Donald W. and Glennis A. Kaufman Research Award (ad hoc)
About the Committee
- Aaron W. Reed (KaufmanAward@mammalsociety.org)
History and Mission
The Kaufman Award was established with a substantial gift by anonymous patrons with the goal of supporting field-based ecological research, conducted in the grasslands of the Great Plains states and/or Canada Prairie Provinces by graduate student (MS or PhD) members of the American Society of Mammalogists (ASM), focusing on native mammals with a preference given to research focused on rodents and/or shrews. See “Grants & Awards” tab for further details. A single $2,500 award is available annually to qualified students enrolled in a MS or PhD program. The nationality of the applicant is not considered in reviewing applications, and students do not need to be enrolled in graduate programs in the United States.
2023 Kaufman Award Recipient
|Emma Balunek is an MS student in the Applied Science program at the University of Nebraska-Lincoln. Her research focuses on the coyote-badger hunting relationship. Coyotes and badgers in western North America sometimes hunt prairie dogs and ground squirrels together using their complementary hunting skills. Specifically, the badger digs up burrowing animals, while the coyote captures prey that flushes above ground and surveys the surrounding area. This collaborative partnership has been documented by Indigenous folk for thousands of years, but little is understood about the behavioral and ecological mechanisms underlying this relationship. Her project is formulated specifically to help fill this knowledge gap. Photos and videos inform both the research and aid with the storytelling aspect of her project which aims to bring attention to the often-overlooked grasslands and the other species that call it home. See more information here.
You can donate to the Donald W. and Glennis A. Kaufman Research Award (and others) here.
Grants & Awards
Research that may be funded by the Kaufman Award.
The Kaufman Award was developed to fund field-based research on community, population, or behavioral ecology of native mammals with a preference given to research focused on small rodents and/or shrews. It is expected that at least some field sites will be located in native prairie (including those that are burned or moderately grazed) and/or in restored prairies (e.g., as a treatment or as a control). These sites would provide a comparison to sites that have experienced land-use changes, such as those from agriculture (i.e., cultivation for crops, planting of livestock forages, re-seeding of old fields or planting CRP acreages to name a few examples) or from woody expansion or urban sprawl into the fire-adapted and grazing-adapted prairie ecosystems.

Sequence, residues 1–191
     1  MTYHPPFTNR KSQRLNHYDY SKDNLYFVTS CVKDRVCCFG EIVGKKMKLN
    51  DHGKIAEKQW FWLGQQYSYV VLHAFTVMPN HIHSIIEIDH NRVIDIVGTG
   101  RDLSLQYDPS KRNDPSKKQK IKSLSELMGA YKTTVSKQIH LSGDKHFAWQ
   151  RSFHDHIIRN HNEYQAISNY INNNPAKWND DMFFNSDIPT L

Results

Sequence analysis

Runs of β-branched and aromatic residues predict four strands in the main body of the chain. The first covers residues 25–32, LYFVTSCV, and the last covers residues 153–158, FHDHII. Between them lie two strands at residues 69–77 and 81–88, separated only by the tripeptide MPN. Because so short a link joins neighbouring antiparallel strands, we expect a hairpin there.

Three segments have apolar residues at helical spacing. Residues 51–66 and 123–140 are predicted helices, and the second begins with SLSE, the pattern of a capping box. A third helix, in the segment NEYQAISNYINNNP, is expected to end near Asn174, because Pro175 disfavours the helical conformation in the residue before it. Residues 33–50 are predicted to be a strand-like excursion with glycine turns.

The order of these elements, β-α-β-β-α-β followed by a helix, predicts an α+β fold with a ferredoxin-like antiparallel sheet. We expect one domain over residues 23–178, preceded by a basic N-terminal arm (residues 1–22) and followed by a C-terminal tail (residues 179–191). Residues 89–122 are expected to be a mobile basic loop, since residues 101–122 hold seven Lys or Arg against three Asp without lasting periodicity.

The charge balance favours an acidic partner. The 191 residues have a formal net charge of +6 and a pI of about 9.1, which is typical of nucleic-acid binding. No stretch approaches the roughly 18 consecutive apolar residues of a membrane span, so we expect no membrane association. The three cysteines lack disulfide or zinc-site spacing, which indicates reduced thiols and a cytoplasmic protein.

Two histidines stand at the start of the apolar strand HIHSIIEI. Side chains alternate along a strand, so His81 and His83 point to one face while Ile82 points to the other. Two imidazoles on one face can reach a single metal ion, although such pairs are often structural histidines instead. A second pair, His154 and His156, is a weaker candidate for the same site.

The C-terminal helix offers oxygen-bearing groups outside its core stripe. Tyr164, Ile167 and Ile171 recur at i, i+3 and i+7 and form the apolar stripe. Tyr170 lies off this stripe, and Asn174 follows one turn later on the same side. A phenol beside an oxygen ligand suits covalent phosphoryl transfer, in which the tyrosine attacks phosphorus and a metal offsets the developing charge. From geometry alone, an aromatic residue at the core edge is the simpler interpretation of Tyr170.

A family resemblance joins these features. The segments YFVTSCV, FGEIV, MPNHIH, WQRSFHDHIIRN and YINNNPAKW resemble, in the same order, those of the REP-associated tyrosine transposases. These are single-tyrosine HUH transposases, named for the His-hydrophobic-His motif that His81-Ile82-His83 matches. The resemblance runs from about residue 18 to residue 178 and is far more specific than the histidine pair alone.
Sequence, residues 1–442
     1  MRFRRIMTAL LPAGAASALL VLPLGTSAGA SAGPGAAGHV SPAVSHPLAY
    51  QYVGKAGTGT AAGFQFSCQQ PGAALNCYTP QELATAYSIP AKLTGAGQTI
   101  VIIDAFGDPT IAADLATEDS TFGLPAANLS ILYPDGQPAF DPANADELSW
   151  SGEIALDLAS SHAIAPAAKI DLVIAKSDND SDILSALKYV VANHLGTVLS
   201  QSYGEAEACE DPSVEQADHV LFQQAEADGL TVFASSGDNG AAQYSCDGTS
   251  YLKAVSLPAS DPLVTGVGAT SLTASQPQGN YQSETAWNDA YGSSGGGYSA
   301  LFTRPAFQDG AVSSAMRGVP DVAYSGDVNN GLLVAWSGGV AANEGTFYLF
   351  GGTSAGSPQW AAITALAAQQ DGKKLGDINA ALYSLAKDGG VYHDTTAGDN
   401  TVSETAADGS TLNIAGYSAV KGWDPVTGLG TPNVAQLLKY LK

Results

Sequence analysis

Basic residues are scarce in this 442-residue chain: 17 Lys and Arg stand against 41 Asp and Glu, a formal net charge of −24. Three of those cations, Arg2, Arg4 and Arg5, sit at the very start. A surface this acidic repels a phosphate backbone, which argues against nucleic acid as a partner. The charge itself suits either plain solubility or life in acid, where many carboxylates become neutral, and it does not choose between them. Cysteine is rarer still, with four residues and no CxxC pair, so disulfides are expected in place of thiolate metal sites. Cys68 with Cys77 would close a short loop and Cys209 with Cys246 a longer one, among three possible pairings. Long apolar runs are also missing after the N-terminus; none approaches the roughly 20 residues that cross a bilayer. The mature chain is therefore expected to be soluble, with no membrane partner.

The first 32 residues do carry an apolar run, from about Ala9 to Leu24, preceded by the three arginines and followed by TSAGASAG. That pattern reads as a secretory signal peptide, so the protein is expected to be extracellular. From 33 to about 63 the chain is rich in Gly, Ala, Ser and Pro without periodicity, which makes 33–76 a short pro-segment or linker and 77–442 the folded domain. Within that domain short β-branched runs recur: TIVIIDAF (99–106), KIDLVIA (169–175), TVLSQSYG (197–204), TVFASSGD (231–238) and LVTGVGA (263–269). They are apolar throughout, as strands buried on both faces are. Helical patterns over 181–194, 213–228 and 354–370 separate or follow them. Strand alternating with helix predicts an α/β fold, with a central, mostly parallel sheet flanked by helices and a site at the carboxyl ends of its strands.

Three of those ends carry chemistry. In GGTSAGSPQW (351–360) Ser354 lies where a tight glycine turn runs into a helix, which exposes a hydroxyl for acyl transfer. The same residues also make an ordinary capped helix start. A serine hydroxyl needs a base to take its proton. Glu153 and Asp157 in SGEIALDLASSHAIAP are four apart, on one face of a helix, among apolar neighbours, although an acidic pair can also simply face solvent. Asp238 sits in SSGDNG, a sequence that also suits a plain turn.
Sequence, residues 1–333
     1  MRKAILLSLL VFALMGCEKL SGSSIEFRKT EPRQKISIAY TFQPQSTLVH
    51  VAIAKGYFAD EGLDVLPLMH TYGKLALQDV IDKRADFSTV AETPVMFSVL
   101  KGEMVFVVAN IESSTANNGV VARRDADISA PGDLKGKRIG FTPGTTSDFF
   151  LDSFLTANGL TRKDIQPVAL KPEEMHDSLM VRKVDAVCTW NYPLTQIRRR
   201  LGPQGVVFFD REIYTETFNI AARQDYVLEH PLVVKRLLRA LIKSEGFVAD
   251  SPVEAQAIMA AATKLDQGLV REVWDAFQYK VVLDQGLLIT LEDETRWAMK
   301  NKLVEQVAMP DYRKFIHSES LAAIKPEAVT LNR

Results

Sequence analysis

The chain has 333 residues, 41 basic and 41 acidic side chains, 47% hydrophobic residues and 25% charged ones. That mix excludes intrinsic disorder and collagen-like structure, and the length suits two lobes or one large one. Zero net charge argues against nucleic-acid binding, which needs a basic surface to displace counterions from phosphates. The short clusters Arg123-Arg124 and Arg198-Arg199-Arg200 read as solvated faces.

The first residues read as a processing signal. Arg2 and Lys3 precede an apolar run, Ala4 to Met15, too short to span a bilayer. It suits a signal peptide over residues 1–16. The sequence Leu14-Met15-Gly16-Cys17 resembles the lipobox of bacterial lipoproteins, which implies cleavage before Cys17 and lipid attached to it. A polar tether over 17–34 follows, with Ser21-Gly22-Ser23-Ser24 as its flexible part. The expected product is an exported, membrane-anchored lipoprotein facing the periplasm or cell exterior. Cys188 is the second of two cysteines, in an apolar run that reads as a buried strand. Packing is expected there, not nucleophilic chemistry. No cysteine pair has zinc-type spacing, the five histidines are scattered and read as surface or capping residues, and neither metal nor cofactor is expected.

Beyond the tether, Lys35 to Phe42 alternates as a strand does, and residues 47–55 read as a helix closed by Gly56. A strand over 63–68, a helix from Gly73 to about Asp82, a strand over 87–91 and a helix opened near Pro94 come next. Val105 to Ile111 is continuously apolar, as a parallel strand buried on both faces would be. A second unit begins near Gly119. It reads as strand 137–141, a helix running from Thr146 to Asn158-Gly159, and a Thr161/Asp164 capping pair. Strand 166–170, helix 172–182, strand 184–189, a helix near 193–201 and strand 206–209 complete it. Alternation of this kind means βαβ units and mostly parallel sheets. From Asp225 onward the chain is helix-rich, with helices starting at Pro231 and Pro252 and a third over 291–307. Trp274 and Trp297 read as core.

The proposed research must be conducted in the region known as the Great Plains, which includes parts of 10 states—Colorado, Kansas, Montana, Nebraska, New Mexico, North Dakota, Oklahoma, South Dakota, Texas, and Wyoming—as well as the three Prairie Provinces of Canada—Alberta, Manitoba, and Saskatchewan.
How can funds from the new research award be used?
The research award should support travel costs to visit research sites, but may also support associated equipment or analytical costs. The award will not cover travel to meetings, stipends or salaries of any kind, or living expenses.
The Kaufman Award is be a competitive research award based on merit (not financial need). Proposals will be evaluated on the basis of the quality of the science, originality, suitability of proposed methods, and on the likelihood that the research will contribute to our understanding of the ecology of native mammals, especially rodents and/or shrews, in the Great Plains and Canada Prairie Provinces. Strong preference will be given to innovative and meritorious ideas; this research award is not based on financial need.
Applicants should submit a research proposal (3-page limit, 12 point Times New Roman font, full 1” margins). The proposal must include an introduction to provide broader scientific context; a clear description of the proposed research, including questions/hypotheses to be addressed; objectives; methods (including proposed field sites); and any preliminary results that are available and applicable. Proposals should include one additional page to describe how Kaufman Award funds would be used, and one page to explain how the project would be expanded in scope with additional funds in future years. A curriculum vita (maximum three pages) should include: education, past or current research project, past research support, any other requested support for the proposed research, and a list of publications and presentations of research (if any) at national or international meetings. The applicant should arrange for two letters of recommendation (one must be from the graduate advisor) to be submitted to the committee (these are NOT to be submitted with the application).
To encourage multi-year and large-scale research, students may receive the award more than one time. Eligible students should outline in each research proposal how they would expand their study with additional funding.
See the grants page for current submission dates.